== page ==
The Charlotte mastermind of a two-year scheme that stole millions of dollars from the federal Medicaid program will serve 2 1/2 years in prison and must repay the government some $3.1 million.
Federal prosecutors say Ronnie Lorenzo Robinson billed Medicaid for mental-health treatment that never occurred or was performed by unlicensed personnel.
He then spent the money on jewels and luxury cars – items that were seized by federal investigators.
Wednesday, the bill from taxpayers came due.
U.S. District Judge Frank Whitney sentenced the 37-year-old Charlotte man to 30 months in prison and ordered him to repay Medicaid, the federal program that provides health care for the poor.
“Robinson exploited a program designed to give much needed care to the less fortunate and used the money to buy luxury cars and jewelry,” U.S. Attorney Anne Tompkins told the Observer.
“This greed harms the needy, as well as every taxpayer. Robinson is on his way to federal prison, and his co-conspirators are not far behind him.”
Robinson, the owner of Peaceful Alternative Resources Inc. in Charlotte, Mooresville and Greensboro, pleaded guilty in 2014 to two counts of health care fraud.
Working with two former staff members of the Mecklenburg Department of Social Services, Robinson bilked Medicaid for millions of dollars over a four-year period ending in 2011.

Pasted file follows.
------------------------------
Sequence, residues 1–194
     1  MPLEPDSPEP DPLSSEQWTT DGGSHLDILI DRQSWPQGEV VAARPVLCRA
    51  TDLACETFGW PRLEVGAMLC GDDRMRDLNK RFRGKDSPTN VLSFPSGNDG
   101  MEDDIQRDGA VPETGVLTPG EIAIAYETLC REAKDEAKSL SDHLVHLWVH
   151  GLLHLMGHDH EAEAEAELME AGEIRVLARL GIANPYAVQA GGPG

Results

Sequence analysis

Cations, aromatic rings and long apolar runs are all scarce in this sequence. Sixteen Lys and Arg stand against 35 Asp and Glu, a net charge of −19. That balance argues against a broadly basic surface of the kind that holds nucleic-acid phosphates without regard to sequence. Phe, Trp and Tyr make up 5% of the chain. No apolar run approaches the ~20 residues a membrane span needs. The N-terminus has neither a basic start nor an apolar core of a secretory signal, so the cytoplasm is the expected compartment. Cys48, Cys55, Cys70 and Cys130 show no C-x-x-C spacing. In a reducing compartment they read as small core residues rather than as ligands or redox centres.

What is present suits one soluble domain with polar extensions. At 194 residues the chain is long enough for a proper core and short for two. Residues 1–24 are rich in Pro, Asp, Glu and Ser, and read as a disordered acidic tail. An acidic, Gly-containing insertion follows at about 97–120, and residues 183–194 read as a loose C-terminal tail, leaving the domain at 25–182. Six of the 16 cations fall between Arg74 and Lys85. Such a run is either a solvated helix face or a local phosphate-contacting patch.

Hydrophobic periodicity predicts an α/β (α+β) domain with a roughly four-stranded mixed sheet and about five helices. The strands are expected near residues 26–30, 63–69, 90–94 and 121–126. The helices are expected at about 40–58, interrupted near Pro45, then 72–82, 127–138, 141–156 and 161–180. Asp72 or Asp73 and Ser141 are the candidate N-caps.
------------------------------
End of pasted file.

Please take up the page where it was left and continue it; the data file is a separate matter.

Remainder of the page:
Prosecutors say Robinson used the Medicaid provider numbers of three licensed clinicians who had done legitimate work for his company.
In return for kickbacks, DSS social workers Ieshia Hicks Watkins and Ryce Edward Hatchett also supplied Medicaid information from agency clients, which was used by Robinson to file for reimbursements.
Hatchett pleaded guilty Tuesday to health care fraud conspiracy and receiving illegal kickbacks; Watkins did likewise in October. Both await sentencing.
Medicaid, which is jointly run by the federal government and the states, provides the country’s largest source of money to meet the health-related needs of low-income Americans. But it has been a chronic target of fraud.
Phony diagnoses, duplicate billings and exorbitant reimbursement claims skim billions of dollars from the program every year.
While places like New York and Texas have put more sophisticated safeguards in place, the National Association of State Legislatures says most states use a “pay and chase” approach in which they try to recoup reimbursements once fraud has been uncovered.
In Robinson’s case, prosecutors say he billed Medicaid for $3.4 million in phony services and received all but $300,000 of that amount.
Now prosecutors are trying to collect.
Along with Whitney’s order that Robinson pay $3.1 million in restitution to Medicaid, the FBI and other investigators have seized five vehicles, including a Land Rover, a Mercedes and a classic 1972 Chevrolet Malibu, along with a 1 5/8-carat lady’s diamond ring. All are believed to have been purchased with the Medicaid money.
Officials say they also recovered an additional $660,000 connected to the fraud.